Shangri-La Dialogue: Australia failed to play full role in vital maritime debate
Canberra has missed an important chance to sell our defence white paper and shape the region's most important discussion, writes Rory Medcalf.
A contest far more consequential than the Australian election took the stage in Singapore at the weekend, and Australia missed a chance to influence it.
Many national defence ministers spoke out at the leading regional security forum, the Shangri-La Dialogue. They advocated a rules-based order in Asia, in the face of the worsening tensions in the South China Sea and the impending decision by an international arbitration tribunal in The Hague on maritime differences between China and the Philippines.
It was quite the roll-call. The US, Japan, India, Indonesia, South Korea, Malaysia, Singapore, Vietnam, France, Britain and Canada: all broadly in step in arguing for the interests of smaller powers to be respected, in messages clearly aimed at China.
This was an embodiment of the "principled security network" that US Secretary of Defence Ashton Carter called for in his keynote speech – a network China can choose to join or reject.
Unfortunately, Defence Minister Marise Payne was not there – the first time in the summit's 15-year history that an Australian minister has not used this platform.
To be fair, the tightly fought election campaign was plainly the reason. Friends in fellow democracies presumably understood. Moreover, Australia was well represented in the summit's bilateral meetings by the Chief of Defence Force as well as top foreign affairs and intelligence officials.
Even so, these are not normal times in regional security and Australia's voice matters.
Trump's erratic shadow
Australia has an important story to tell about its new defence white paper – which, ironically, underscores the need for much better defence-related diplomacy. And there are real expectations for Australia to show solidarity with regional partners and support for shared principles such as freedom of navigation and overflight.
After all, anxieties among our many fellow powers in the middle are not just about Chinese military modernisation, assertiveness and unilateralism.
They are also about American reliability in the erratic shadow of Donald Trump, with his daft and dangerous message about allies such as Japan and South Korea fending for themselves, if need be by breaking treaties and making their own nuclear weapons.
Defence Secretary Carter was determined to pre-empt such uncertainty with well-pitched remarks about the enduring US commitment to Asia and encouragement of the web of ties allies and partners are building among themselves.
Australia drew special mention, not least for creative diplomacy in forging closer links with Japan, India, Singapore and others. He didn't say it, but these middle power coalitions are the seeds of a hedge against the bad possibilities of Chinese efforts to dominate a region in which America's credibility faces doubt.
Notably, in Australia's absence, it was these and other powers that stepped up to confirm the view that our shared Indo-Pacific region is unashamedly multipolar in character, and not a lake for some imagined "G2" of China and the US.
Indian Defence Minister Manohar Parrikar picked up the Australian-championed concept of the Indo-Pacific – the fact that the two oceans are now one strategic system, with China now active in the Indian Ocean. He emphasised India was "acting East" and looking to deepen partnership with the US, Japan, Australia and Vietnam.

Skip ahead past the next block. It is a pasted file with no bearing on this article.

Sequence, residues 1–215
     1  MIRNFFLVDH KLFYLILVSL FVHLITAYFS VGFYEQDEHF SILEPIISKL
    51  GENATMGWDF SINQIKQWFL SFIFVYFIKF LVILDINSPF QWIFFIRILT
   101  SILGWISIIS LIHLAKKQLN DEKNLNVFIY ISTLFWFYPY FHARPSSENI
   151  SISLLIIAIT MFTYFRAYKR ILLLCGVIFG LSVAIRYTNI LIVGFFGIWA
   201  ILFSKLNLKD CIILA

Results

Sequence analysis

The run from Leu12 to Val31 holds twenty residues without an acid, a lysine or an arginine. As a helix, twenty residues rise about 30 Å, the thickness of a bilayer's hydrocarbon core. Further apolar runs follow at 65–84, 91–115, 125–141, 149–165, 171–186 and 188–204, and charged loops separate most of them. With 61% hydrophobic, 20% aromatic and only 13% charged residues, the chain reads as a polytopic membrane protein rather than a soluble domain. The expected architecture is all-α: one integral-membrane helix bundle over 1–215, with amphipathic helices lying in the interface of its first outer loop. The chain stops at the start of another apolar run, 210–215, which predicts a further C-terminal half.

Japanese Defence Minister Gen Nakatani stressed his country's reliance on a rules-based order and like-minded partnerships. He emphasised Australia, without a hint of the deep disappointment in Tokyo over the recent decision against buying Japanese submarines. This reminds us of how shared Australian and Japanese security interests have become.
More surprising still was the presence and the points made by powers geographically distant from Asia.
French Defence Minister Jean-Yves Le Drian, who affirmed that France now saw Asia as the Indo-Pacific, was forthright in support of freedom of navigation. He said that the French Navy would continue to be present in regional waters, and called for greater co-ordination of EU navy activities in Asian waters.
He also declared an ambition to make the Australia-France relationship a true strategic partnership, with submarine-building just one convergent interest.
And even while Britain and Canada speak of a "golden age" of economic relations with Beijing, their ministers underscored the need to balance this with directness and independence in favour of a rules-based system.
But all ears were on the US and Chinese speeches, especially once Carter openly warned China its militarised island-building in the South China Sea could become a "Great Wall of self-isolation".
The metaphor hit a nerve. The next day, Chinese Admiral Sun Jianguo insisted that China was not isolated in regional diplomacy. Yet there was plenty of evidence to the contrary in the barrage of questions from many other nationalities in the room.
Admiral Sun's tone was strident – perhaps because his speech was broadcast live for audiences at home. But elsewhere there were reminders that Beijing's policies are not set in stone: one Chinese general told a side-meeting that internal debate was "ongoing" about what China's notorious "9-dash line" claim around the South China Sea actually means.
Whether the future of those waters is about conflict, coercion or conciliation, it will affect the world profoundly. There is every reason for every country to seize every opportunity to shape it.
Professor Rory Medcalf is head of the National Security College at the Australian National University and a non-resident fellow at the Lowy Institute. This article first appeared in the Australian Financial Review and is reproduced here with permission.